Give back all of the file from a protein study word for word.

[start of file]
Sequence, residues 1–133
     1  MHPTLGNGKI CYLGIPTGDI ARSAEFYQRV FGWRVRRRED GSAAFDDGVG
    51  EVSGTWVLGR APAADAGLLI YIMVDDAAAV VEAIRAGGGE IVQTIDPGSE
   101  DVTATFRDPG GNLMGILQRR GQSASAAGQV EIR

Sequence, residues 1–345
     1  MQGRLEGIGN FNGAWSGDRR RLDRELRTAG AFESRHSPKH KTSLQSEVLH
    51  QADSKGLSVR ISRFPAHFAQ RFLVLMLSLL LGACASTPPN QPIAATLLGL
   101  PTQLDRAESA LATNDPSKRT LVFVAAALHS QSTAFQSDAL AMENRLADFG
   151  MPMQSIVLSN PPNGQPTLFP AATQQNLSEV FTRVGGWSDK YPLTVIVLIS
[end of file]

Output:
Sequence, residues 1–133
     1  MHPTLGNGKI CYLGIPTGDI ARSAEFYQRV FGWRVRRRED GSAAFDDGVG
    51  EVSGTWVLGR APAADAGLLI YIMVDDAAAV VEAIRAGGGE IVQTIDPGSE
   101  DVTATFRDPG GNLMGILQRR GQSASAAGQV EIR

Sequence, residues 1–345
     1  MQGRLEGIGN FNGAWSGDRR RLDRELRTAG AFESRHSPKH KTSLQSEVLH
    51  QADSKGLSVR ISRFPAHFAQ RFLVLMLSLL LGACASTPPN QPIAATLLGL
   101  PTQLDRAESA LATNDPSKRT LVFVAAALHS QSTAFQSDAL AMENRLADFG
   151  MPMQSIVLSN PPNGQPTLFP AATQQNLSEV FTRVGGWSDK YPLTVIVLIS